GRAUMAN’S THEATRES Grauman's Chinese TheatreImpresario Sid Grauman built a number of movie palaces in the Los Angeles area in this time period: The Million Dollar Theater - the first movie palace in Los Angeles, opened in February, 1918 with 2,345 seats, and premiered the William S. Hart western film The Silent Man (1917) The Egyptian Theatre - opened in 1922 with 1,760 seats; it was the first major movie palace outside of downtown Los Angeles, and noted as having Hollywood's first movie premiere; its opening film was Robin Hood (1922) that starred Douglas Fairbanks; the theatre's creation was inspired by the discovery of King Tut's tomb that same year. The now-famous Chinese Theater, with 2,258 seats, opened in Hollywood - in May, 1927 with the premiere of Cecil B. De Mille's King of Kings (1927). STILL AROUND TODAY!
PICKFORD AND FAIRBANKS Two of the biggest silent movie stars of the era were Douglas Fairbanks and Mary Pickford. Pickford was dubbed "America's Sweetheart" and the most popular star of the generation. In 1916, she was the first star to become a millionaire. She was married to another great star, Douglas Fairbanks, Sr. Their wedding in late March, 1920 was a major cultural event. She was presented with a wedding gift a twenty-two room palatial mansion in the agricultural area of Beverly Hills - marking the start of the movement of stars to lavish homes in the suburbs of W. Hollywood and the making of Hollywood royalty. Robin Hood Douglas Fairbanks, Sr. also became an American legend after switching from light comedies and starring in a series of exciting, costumed swashbuckler and adventure/fantasy films, starting with The Mark of Zorro (1920 Another first occurred in a Hollywood film premiere double-featured two films together: Fairbanks' The Black Pirate (1926) with early two-color Technicolor (and the superstar's most famous stunt of riding down a ship's sail on the point of a knife) and Mary Pickford's melodramatic film Sparrows (1926).
GERMAN EXPRESSIONISM Artistic movement termed Expressionism was established in the prolific European film-making industry following World War I. It flourished in the 1920s, especially in Germany in a 'golden age' of cinema (often termed 'Weimar Cinema'), due to fewer restrictions and less strict production schedules. Expressionism was marked by stylization, dark shadows and dramatic chiaroscuro lighting, visual story-telling, grotesque characters, distorted or slanted angular shots (of streets, buildings, etc.) and abstract sets. In the early 1920s, three nightmarish, German expressionistic films were to have a strong and significant influence on the coming development of U.S. films in the 30s-40s - notably the horror film cycle of Universal Studios in the 30s, and the advent of film noir in the 1940s: 1) Robert Wiene's surrealistic fantasy/horror film The Cabinet of Dr. Caligari ( ) - the earliest and most influential of German Expressionistic cinema 2) F. W. Murnau's classic vampire film (the first of its kind) with actor Max Schreck - an adaptation of Bram Stoker's Dracula novel titled Nosferatu, A Symphony of Horrors (1922) (aka Nosferatu, Symphonie des Grauens) 3) Fritz Lang's Dr. Mabuse: The Gambler (1922) (aka Doktor Mabuse der Spieler) introduced the director's evil genius character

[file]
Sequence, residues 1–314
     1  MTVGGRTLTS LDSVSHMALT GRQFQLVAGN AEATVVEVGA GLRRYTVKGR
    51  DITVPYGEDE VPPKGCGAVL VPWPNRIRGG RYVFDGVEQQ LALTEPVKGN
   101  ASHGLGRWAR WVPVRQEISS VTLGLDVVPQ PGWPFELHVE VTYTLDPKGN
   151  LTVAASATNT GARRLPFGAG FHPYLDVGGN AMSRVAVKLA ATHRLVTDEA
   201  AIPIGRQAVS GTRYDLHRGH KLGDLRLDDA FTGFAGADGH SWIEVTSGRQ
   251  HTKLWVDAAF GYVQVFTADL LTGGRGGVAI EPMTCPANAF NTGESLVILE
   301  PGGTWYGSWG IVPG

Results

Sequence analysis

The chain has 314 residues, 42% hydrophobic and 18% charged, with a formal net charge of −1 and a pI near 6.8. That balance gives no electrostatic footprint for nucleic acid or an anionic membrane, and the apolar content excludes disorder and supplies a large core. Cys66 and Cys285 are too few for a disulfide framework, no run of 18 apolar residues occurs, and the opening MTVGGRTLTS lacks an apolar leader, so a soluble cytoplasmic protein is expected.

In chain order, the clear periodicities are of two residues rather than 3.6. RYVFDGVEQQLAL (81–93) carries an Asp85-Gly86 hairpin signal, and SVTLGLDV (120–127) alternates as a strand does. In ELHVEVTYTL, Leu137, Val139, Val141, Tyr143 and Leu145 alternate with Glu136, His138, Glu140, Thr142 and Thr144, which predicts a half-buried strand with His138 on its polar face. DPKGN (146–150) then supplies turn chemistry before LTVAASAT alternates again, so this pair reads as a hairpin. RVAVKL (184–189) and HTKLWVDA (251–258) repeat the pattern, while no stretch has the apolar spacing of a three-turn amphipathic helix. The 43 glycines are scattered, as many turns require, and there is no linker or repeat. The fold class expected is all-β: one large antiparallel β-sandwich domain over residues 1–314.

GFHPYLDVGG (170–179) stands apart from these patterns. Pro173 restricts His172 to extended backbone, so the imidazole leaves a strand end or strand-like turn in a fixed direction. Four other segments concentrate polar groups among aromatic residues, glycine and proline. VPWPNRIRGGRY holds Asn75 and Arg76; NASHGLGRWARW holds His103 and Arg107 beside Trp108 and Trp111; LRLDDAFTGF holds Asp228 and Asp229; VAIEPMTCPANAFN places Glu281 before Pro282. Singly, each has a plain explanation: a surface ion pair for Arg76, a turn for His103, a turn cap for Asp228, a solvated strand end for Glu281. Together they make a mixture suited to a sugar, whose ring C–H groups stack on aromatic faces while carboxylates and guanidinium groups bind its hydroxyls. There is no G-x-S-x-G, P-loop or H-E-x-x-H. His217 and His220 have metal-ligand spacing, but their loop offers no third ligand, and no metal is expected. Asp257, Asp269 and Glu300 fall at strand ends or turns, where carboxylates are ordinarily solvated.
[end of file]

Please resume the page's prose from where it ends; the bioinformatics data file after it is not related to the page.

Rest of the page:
IMPORTS FROM ABROAD Destined to encourage the viewing of foreign-language films, English subtitles were put on the German musical Two Hearts in Waltz Time (1930) by Herman Weinberg. It was the first film to be subtitled for release in the United States. Some of the best artists, directors, and stars (such as Pola Negri, Bela Lugosi, Peter Lorre and Greta Garbo) from European film-making circles were imported to Hollywood and assimilated there as emigrants.
IMPORTS FROM ABROAD A number of early directors in Hollywood were hired artists from abroad - including successful German directors F. W. Murnau (invited to Hollywood by William Fox for his first Fox film - the critically-acclaimed Sunrise (1927), Fritz Lang, Josef von Sternberg and Ernst Lubitsch (he directed his first American film, Rosita (1923) starring Mary Pickford. Fritz Lang's last major silent film was the futuristic drama Metropolis (1927) - the expensive film enriched cinema in years to come with its innovative techniques, futuristic sets and Expressionistic production design, and allegorical study of the class system.
ERICH von STROHEIM Austrian-born director Erich von Stroheim's style was more harsh and European than the works of other imported directors. He had begun as an assistant director to D. W. Griffith. His specialty was the melodramatic portrayal of a decadent Europe with audacious scenes of sexuality. His brooding and expensive Foolish Wives (1922) was the longest commercially-made American film to be released uncut at 6 hours and 24 minutes in Latin America, but it was severely edited to a 10-reel version for general release.
COMEDY IN THE 20’S It was a great era for light-hearted silent comedy, with the triumvirate of humorists: Charlie Chaplin, Buster Keaton, and Harold Lloyd, and the early popularity of Roscoe "Fatty" Arbuckle until a scandal destroyed his career in Fatty Arbuckle - the first of the silent comedians to direct his own films, starting with Barnyard Flirtations (1914). His teaming with Mabel Normand at Keystone, in a series of "Fatty and Mabel" films, were lucrative for the studio. formed his own production company ("Comique Film Corporation") with producer Joseph Schenck.
COMEDY IN THE 20’S Chaplin – “The Pilgrim” “The Gold Rush” “The Circus” Buster Keaton - (The Great Stone Face) in Sherlock, Jr. (1924) (Keaton's first solo directorial work), “The Navigator” (1924), the Civil War epic “The General” (1927)